August’s fires in the Amazon rainforest made headlines around the world. For a few weeks, it seemed like everyone was paying attention to the devasting effects of the 2019 fire season, as well as the need to mitigate tropical forest fires. Some of the stories during that time contained conflicting reports about the scale, severity, causes, and impacts of the fires.
The hype has started to shift to other stories and regions, but the fires are still burning—and there’s more to the story than what was initially reported. At Conservation International, we understand the importance of monitoring the Amazon fires in real-time and presenting the data as actionable information. That’s why we recently launched a real-time interactive analytics dashboard. At a glance, change makers (including politicians, nonprofit organizers, and everyday people) can see what’s happening in the Amazon, including where the fires are, their progress, how this year compares to past years, and what we can do about it.
We needed a technology partner that could help us turn our vision into reality by providing a solution that could do two things. First, it needed to support real-time data analytics. Nearly every data visualization in the fire tracker is updated daily—including the locations of the satellite-detected fires, how they’re affecting protected and indigenous lands, and how the 2019 fire season compares to past years.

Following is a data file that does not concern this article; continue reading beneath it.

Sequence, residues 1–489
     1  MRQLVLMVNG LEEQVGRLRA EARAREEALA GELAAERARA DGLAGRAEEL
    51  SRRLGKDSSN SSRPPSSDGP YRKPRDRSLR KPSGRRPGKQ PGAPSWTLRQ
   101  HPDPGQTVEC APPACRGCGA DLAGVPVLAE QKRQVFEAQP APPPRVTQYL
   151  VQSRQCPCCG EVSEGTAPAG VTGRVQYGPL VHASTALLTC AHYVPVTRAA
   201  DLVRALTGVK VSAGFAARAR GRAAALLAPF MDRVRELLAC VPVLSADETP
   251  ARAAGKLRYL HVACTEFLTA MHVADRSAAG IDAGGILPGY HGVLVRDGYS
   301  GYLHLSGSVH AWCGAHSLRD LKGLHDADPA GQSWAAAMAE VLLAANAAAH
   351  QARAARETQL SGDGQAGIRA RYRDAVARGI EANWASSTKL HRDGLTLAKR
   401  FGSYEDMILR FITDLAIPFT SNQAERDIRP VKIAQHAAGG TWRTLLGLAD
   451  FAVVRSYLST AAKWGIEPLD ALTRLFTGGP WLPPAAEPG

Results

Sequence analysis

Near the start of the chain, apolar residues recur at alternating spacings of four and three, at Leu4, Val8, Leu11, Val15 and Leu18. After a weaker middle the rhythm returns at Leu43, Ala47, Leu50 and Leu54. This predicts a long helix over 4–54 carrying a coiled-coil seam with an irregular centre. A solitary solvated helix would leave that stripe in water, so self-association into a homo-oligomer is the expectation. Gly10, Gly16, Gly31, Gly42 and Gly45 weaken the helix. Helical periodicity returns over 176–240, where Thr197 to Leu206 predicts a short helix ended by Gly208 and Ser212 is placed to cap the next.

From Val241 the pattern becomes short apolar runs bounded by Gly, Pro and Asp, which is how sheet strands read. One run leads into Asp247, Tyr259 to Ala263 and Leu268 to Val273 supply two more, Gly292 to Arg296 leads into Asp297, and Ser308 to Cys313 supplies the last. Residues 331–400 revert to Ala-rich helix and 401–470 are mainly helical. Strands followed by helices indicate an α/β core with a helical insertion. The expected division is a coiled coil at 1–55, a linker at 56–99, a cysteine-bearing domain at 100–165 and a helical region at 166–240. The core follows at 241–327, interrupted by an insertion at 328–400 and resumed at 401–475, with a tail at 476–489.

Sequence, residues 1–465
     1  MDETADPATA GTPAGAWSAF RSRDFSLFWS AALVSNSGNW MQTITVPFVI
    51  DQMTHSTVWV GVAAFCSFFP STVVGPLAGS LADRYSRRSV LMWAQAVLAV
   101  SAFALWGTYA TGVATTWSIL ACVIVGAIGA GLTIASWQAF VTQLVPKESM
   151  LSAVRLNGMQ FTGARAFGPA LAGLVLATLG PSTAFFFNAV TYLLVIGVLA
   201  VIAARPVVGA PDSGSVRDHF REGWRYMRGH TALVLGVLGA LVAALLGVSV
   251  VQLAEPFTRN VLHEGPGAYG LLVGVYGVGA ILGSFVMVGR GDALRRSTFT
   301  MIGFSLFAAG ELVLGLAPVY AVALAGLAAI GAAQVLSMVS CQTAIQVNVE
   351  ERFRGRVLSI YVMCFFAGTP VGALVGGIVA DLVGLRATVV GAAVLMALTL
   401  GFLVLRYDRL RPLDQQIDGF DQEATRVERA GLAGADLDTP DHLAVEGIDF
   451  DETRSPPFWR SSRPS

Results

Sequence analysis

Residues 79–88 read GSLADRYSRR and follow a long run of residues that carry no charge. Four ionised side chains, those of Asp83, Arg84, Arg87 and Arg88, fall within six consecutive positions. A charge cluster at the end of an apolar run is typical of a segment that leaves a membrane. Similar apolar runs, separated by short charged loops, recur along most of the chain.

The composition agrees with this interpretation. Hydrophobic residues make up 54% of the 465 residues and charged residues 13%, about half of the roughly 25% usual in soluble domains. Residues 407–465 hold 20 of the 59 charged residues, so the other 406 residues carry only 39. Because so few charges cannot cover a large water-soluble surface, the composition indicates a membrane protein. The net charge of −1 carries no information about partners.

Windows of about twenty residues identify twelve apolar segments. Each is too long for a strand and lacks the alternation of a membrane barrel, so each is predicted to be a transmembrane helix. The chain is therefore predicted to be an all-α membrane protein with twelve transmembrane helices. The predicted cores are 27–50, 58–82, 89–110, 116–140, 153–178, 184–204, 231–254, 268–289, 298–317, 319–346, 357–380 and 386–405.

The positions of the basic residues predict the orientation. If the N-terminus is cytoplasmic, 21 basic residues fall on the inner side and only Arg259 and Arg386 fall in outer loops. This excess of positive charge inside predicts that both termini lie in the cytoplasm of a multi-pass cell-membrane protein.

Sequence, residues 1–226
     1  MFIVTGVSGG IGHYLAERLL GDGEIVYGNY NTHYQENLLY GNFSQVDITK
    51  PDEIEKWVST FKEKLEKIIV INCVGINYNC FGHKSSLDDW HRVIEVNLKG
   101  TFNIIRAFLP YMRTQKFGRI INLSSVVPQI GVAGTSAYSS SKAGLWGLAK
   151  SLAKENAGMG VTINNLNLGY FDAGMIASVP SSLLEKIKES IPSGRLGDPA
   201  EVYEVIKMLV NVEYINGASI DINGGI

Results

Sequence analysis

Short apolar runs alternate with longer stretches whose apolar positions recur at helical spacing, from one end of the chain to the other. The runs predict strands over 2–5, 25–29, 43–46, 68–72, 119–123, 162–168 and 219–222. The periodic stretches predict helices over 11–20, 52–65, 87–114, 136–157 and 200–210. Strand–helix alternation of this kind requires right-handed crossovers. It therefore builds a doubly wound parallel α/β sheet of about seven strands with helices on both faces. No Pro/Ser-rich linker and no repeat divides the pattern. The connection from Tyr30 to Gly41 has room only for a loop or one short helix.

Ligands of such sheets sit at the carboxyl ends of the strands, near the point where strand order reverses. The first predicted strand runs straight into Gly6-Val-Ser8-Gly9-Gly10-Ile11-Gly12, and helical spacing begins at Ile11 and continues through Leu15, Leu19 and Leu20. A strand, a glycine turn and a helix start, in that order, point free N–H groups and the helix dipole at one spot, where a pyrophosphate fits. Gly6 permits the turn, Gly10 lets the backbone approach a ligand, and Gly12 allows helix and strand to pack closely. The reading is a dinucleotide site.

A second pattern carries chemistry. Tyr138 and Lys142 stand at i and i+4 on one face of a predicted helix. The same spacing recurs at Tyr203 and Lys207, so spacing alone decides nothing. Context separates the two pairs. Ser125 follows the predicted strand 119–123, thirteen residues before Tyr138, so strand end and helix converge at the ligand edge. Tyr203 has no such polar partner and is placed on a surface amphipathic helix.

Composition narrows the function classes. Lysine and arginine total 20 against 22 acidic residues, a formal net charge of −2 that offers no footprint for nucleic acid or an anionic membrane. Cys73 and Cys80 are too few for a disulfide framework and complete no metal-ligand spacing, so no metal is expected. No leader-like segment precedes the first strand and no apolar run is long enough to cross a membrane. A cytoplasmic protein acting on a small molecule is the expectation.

Second, we needed a customizable platform that could match the visual look and feel of our organization’s branding and website. This may seem like a nice-to-have, but change-makers have limited time and need credible sources of information. We realized that if the dashboard wasn’t instantly engaging and easy to understand, our audience might not be able to easily digest the information. When the health of the planet is on the line, we know a branded user interface with clear, compelling data visualizations is crucial.
The Data that Fights Fires
With our two business intelligence requirements in mind, we decided to partner with Logi Analytics to create the dashboard. The next step was to decide how to analyze and interpret the fire data to tease apart the complexity of factors fueling this fire season. We landed on a number of key metrics to better communicate the complexity of fire dynamics in the Amazon and help the people understand both the causes driving the fires and the potential solutions.
- Where are the fires? We’re using data from NASA’s satellites to track the locations and spatial and temporal trends of fires. Over a quarter of fires are in forested areas, with an additional one-third of fires occurring on the forest-agricultural frontier (the forest edges). These edge fires are particularly risky, since they dry out the forest and can make these areas more susceptible to future fires and droughts. Over time this degradation can permanently change the biome of the Amazon from a rainforest to predominantly a grassland system.